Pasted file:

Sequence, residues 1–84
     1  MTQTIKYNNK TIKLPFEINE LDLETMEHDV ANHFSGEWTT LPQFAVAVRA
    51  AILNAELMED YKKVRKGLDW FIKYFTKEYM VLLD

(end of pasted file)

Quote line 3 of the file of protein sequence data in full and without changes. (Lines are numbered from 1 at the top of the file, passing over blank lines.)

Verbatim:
    51  AILNAELMED YKKVRKGLDW FIKYFTKEYM VLLD